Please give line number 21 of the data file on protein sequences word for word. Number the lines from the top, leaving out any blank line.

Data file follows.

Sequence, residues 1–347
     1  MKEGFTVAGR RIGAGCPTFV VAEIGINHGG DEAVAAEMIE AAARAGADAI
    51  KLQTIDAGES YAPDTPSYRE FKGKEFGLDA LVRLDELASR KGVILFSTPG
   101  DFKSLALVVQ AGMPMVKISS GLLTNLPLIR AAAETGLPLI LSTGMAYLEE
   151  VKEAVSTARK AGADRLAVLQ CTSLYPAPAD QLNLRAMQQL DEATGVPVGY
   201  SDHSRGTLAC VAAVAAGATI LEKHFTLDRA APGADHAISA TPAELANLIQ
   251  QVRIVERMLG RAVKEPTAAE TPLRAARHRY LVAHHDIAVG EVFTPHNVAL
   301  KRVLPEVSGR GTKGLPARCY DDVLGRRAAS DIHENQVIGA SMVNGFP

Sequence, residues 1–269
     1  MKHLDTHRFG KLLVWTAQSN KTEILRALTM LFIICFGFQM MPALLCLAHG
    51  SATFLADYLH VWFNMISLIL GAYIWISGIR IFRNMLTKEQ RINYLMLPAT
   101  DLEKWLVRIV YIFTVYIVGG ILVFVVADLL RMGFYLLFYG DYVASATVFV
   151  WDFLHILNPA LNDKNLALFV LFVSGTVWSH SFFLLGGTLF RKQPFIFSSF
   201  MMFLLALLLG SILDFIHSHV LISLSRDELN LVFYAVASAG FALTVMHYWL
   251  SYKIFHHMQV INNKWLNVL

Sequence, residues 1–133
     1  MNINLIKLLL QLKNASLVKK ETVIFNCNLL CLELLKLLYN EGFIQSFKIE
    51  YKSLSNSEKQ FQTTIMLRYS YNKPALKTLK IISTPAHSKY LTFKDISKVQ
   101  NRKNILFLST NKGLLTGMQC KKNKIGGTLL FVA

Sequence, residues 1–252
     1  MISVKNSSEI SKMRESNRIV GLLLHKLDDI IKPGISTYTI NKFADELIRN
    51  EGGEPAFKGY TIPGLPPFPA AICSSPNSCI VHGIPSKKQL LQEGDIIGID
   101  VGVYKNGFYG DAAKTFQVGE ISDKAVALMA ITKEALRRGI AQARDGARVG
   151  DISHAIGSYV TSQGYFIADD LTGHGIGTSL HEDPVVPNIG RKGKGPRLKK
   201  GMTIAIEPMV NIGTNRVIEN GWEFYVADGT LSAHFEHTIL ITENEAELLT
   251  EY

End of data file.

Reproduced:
     1  MISVKNSSEI SKMRESNRIV GLLLHKLDDI IKPGISTYTI NKFADELIRN